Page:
Sunday, November 26, 2006

Iraq: Winners Know When to Quit, Losers Don't

Contrary to what you've probably heard your whole life, winners do quit, and they know when to do it. Losers don't know when to quit digging. The "experts" agree that the only solution to the Iraq situation is a political one, and the prospects for a political solution are vanishing like a blind dowager's silverware.

According to the San Jose Mercury News, Shia cleric and militia leader Muqtada al-Sadr has pushed the plunger on his threat to abandon support of Iraqi Prime Minister Nuri al-Malaki:
BAGHDAD, Iraq - Followers of the militant Shiite cleric Muqtada al-Sadr took over state-run television Saturday to denounce the Iraqi government, label Sunnis "terrorists" and issue what appeared to many viewers as a call to arms…

…Al-Maliki's administration acknowledged it was powerless to interrupt the pro-Sadr program on the official Iraqiya channel, during which Sadr City residents shouted, "There is no government! There is no state!"

… Al-Sadr's Mahdi Army militia now controls wide swaths of the capital, his politicians are the backbone of the Cabinet, and his followers deeply entrenched in the Iraqi security forces. Sectarian violence has spun so rapidly out of control since the Sadr City blasts, however, that it's not clear whether even al-Sadr has the authority - or the will - to stop the cycle of bloodshed.

If al-Maliki makes it to Jordan this week for his meeting with young Mister Bush, I'll be surprised if he ever goes back to Iraq.

Go Big, Go Long, Go Forever

The talk on alternative Iraq strategies is turning nuttier than a pecan factory. As the political situation unravels like a cheap acrylic sweater, politicians and pundits continue to discuss the pros and cons of proposed military courses of action.

Some still argue for a reduced troop presence in Iraq, but what could fewer troops accomplish that the number of troops we have there now can't?

Then we have the "Go Bigots," whose ranks have been joined by former Army major general and vocal Rumsfeld critic John Batiste. In a Milwaukee Journal Sentinal op-ed piece, Batiste says, "Iraq is a failed state created by the United States. Our senior leadership did this to Iraq, ourselves and our allies."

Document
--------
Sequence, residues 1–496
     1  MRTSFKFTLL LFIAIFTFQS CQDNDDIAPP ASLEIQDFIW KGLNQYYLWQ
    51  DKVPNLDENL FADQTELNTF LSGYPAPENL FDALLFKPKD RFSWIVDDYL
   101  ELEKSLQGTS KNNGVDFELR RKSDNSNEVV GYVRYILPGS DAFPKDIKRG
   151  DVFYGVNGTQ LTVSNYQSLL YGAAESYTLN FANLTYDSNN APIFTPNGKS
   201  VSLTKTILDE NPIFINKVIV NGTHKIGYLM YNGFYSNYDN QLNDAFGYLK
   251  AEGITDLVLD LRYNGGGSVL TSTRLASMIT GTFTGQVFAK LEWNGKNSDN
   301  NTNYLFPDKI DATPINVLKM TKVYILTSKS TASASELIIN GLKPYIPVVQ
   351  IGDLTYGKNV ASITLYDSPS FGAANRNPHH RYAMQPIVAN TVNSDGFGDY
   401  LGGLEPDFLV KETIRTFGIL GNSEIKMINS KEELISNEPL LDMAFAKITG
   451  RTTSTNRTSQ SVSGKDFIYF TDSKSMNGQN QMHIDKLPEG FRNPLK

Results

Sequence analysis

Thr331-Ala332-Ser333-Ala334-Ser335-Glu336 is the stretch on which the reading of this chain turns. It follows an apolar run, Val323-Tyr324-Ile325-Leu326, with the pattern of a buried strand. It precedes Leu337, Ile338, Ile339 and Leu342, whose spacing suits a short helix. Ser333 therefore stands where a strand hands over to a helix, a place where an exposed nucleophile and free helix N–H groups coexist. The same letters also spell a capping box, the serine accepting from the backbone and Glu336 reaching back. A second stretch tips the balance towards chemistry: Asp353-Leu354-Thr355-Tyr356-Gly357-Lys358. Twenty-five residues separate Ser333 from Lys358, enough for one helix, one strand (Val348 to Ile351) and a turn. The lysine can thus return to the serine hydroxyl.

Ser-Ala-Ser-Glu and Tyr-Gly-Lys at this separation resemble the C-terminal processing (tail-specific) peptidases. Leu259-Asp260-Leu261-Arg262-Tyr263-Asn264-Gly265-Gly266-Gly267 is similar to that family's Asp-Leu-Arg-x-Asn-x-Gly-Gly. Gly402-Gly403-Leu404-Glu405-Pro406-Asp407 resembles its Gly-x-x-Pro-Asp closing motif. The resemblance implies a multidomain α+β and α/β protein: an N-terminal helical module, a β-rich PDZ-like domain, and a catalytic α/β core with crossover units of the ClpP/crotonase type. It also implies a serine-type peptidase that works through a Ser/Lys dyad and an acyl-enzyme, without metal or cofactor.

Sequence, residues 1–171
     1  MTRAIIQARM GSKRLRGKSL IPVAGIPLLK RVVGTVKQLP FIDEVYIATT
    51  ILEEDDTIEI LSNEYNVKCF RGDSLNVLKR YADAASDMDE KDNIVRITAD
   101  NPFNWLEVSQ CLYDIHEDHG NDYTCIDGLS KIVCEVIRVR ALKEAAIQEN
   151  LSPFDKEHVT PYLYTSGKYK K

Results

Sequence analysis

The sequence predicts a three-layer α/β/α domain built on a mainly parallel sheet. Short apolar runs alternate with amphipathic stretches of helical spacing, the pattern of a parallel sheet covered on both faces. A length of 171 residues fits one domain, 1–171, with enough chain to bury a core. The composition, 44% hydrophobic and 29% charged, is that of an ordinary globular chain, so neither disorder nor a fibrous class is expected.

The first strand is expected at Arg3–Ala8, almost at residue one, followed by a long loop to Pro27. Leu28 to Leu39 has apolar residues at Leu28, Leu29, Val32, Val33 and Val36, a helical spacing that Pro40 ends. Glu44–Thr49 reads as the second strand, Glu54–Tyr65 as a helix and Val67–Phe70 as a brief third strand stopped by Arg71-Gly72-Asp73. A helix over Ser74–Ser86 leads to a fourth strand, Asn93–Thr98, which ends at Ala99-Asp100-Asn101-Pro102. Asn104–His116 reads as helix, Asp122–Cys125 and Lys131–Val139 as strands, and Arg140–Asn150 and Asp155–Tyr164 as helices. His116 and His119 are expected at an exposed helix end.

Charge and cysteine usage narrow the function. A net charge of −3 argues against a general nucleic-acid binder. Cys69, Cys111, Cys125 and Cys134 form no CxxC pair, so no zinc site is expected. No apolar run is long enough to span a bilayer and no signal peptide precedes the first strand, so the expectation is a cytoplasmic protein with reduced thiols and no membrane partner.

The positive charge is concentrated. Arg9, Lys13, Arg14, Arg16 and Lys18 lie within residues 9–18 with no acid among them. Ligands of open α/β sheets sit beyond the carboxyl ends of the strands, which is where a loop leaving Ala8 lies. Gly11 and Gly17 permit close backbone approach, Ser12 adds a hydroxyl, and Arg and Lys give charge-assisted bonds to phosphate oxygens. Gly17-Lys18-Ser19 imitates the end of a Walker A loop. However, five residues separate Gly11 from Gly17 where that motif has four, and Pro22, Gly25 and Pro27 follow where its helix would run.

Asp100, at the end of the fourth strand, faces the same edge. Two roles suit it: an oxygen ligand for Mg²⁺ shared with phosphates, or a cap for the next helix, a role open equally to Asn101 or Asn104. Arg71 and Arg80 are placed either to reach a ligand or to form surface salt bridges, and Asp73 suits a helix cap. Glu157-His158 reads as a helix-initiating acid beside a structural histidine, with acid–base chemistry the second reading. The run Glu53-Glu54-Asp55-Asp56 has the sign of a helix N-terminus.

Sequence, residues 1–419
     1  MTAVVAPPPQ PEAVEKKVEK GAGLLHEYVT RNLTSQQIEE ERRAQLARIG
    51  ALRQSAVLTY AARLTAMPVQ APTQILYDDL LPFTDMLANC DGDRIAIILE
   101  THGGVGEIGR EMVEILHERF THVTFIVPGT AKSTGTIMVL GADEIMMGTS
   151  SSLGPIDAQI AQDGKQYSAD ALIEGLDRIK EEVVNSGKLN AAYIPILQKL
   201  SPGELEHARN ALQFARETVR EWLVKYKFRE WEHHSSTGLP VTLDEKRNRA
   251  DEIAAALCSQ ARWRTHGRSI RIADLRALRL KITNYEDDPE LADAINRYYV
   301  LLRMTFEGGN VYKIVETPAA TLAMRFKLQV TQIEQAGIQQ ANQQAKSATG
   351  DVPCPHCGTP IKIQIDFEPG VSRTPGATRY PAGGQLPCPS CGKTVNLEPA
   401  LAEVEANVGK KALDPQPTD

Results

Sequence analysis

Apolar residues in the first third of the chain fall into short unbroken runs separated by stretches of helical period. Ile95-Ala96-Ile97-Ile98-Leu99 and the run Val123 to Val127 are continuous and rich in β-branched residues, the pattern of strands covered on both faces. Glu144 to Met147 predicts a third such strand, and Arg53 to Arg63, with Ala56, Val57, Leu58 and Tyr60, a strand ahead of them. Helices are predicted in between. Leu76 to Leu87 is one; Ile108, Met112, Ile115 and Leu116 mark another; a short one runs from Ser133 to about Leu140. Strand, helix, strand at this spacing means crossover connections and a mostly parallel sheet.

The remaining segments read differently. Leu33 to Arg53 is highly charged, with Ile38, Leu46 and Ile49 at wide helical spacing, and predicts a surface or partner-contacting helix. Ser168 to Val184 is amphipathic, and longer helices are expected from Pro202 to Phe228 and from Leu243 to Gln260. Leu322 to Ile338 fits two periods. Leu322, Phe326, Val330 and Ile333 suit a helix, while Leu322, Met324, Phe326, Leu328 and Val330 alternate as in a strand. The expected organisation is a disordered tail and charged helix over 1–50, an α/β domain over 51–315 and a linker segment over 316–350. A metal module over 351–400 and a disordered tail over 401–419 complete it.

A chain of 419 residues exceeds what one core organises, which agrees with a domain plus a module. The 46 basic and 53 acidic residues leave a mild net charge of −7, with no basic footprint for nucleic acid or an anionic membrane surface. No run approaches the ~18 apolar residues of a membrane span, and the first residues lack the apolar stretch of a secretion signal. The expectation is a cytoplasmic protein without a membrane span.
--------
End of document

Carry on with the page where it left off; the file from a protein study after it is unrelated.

But, Batiste maintains…
Failure [in Iraq] would injure the U.S. in ways that we cannot fathom, and, in the end, it would cost far more than it would to save Iraq…

…it is not too late, however. Victory is non-negotiable, and we must finish what we started in Iraq with new leadership and a new strategy. We no longer can fight this war on the cheap.

We're spending $2 billion a week on this war (that our government admits to), and Batiste calls that fighting "on the cheap?" What "new leadership" is Batiste referring to? Al-Sadr? What did we start in Iraq that Batiste thinks we can finish? The answer to that, it seems, is the end of the world as we know it, because the key component of the strategy he proposes is the stuff of a neoconservative masturbatory fantasy.
Put our government on a wartime footing. Consider alternative ways to finance the war with rationing programs and fuel surcharges. Our leaders need to step up and explain the "what, why, how long and what it will cost" to each and every one of us.

Properly resource our great military in force structure and dollars. Our high-performing Army and Marine Corps are far too small for our national strategy. They are at a breaking point, and they no longer are in a position to respond to other worldwide contingencies. Indeed, a draft may be required to win a protracted war on terror.

In other words, Batiste believes that the solution to a problem for which there is no military solution is to mobilize the country to support expanded military action. Batiste is as Mad Hatter crazy as Bill Kristol, Dick Cheney, John Bolton, and the rest of the neoconservative cabal that got us into this goat rope.

I can't say for certain what Batiste's motivation is for proposing such a "war without end" scheme, but it's interesting to note that he's now president of Klein Steel Service of Rochester, New York, a company that, among other things, does contract work for the Department of Defense.

Go Stupid

On CNN's Sunday political show Late Edition, Jimmy Carter's National Security Adviser Zbigniew Brzezinski said that sure, America could mobilize and "win" in Iraq, but that "common sense indicates it's not worth it."